The Adventures Of Huckleberry Finn - online book

Complete illustrated version of Mark Twain's classic book.

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how soon you are going to need it, away from home and amongst strangers, that way. You can't be too careful. I ain't opposed to spending money on circuses, when there ain't no other way, but there ain't no use in wasting it on them.
It was a real bully circus. It was the splendidest sight that ever was, when they all come riding in, two and two, a gentleman and lady, side by side, the men just in their drawers and under-shirts, and no shoes nor stirrups, and resting their hands on their thighs, easy and comfortable—there must a' been twenty of them—and every lady with a lovely complexion, and perfectly beautiful, and looking just like a gang of real sure-enough queens, and dressed in clothes that cost millions of dollars, and just littered with diamonds. It was a powerful fine sight; I never see anything so lovely. And then one by one they got up and stood, and went a-weaving around the ring so gentle and wavy and graceful, the men looking ever so tall and airy and straight, with their heads bobbing and skimming along, away up there under the tent-roof, and every lady's rose-leafy dress flapping soft and silky around her hips, and she looking like the most love­liest parasol.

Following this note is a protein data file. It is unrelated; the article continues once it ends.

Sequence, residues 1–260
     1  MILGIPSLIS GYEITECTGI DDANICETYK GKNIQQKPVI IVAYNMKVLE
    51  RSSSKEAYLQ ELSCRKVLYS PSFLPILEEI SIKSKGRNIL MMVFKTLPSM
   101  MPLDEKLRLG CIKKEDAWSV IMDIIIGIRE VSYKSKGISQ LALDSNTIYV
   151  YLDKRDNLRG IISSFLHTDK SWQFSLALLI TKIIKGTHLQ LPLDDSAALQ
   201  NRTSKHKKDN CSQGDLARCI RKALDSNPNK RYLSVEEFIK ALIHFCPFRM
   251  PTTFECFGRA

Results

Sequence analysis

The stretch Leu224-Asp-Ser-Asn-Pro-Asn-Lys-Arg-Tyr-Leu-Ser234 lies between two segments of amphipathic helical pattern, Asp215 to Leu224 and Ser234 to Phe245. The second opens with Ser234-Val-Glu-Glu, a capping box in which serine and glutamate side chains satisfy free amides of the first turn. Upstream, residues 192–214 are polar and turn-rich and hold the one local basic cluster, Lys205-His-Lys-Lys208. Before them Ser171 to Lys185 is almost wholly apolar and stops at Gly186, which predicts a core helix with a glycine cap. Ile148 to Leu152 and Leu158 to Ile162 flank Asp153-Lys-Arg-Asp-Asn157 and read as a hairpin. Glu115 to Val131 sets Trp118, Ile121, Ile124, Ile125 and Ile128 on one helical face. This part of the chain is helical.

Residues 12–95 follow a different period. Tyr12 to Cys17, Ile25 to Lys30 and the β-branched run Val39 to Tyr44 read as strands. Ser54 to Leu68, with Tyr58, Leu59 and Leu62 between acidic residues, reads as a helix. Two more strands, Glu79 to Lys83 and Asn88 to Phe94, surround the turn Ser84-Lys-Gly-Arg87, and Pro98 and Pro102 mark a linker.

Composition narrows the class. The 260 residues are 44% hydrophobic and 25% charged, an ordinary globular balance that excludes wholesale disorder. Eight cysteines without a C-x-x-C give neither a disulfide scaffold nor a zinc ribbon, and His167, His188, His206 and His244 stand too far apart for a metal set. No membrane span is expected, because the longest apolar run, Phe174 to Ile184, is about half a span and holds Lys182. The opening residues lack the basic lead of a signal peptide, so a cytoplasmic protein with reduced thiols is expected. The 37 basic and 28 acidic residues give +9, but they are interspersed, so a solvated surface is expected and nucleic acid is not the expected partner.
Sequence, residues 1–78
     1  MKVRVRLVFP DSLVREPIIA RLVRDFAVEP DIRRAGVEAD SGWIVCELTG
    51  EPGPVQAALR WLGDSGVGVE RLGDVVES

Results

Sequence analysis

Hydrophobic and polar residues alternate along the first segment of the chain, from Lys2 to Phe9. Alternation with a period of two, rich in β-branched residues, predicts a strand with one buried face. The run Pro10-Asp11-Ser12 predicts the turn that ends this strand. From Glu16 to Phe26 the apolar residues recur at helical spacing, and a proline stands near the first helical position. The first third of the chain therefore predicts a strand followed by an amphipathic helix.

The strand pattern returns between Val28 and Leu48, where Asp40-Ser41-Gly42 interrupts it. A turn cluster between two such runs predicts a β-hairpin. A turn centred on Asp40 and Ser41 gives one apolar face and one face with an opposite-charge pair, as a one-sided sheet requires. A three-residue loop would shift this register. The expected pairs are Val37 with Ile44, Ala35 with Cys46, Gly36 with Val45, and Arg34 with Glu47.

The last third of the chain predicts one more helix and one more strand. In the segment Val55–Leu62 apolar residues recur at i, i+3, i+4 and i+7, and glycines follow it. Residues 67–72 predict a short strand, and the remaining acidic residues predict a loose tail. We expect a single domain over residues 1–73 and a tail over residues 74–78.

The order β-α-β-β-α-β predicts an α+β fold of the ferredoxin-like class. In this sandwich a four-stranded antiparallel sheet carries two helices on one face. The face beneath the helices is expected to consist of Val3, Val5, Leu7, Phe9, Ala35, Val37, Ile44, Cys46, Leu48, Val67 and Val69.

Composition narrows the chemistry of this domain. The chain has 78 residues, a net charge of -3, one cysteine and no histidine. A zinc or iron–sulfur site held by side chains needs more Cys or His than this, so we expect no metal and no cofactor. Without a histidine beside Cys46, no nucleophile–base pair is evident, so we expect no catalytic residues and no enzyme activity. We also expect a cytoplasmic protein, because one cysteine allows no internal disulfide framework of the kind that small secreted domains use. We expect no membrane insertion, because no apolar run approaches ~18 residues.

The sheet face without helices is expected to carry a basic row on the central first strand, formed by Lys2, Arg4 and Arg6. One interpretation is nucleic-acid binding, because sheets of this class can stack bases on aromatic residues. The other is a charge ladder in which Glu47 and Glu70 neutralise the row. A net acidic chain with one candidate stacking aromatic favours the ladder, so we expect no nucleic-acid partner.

And then faster and faster they went, all of them dancing, first one foot stuck out in the air and then the other, the horses leaning more and more, and the ring-master going round and round the centre-pole, cracking his whip and shouting " hi!—hi! " and the clown cracking jokes behind him ; and by-and-by all hands dropped the reins, and every lady put her knuckles on her hips and every gentleman folded his arms, and then how the horses did lean over and hump themselves ! And so, one after the other they all skipped off into the ring, and made the sweetest bow I ever see, and then scampered out, and everybody clapped their hands and went just about wild.
Well, all through the circus they done the most astonishing things ; and all the time that clown carried on so it most killed the people. The ring-master couldn't ever say a word to him but he was back at him quick as a wink with the funniest things a body ever said ; and how he ever could think of so many of them, and so sudden and so pat, was what I couldn't noway understand. Why, I couldn't a thought of them in a year. And by-and-by a drunk man tried to get into the ring—said he wanted to ride ; said he could ride as well as anybody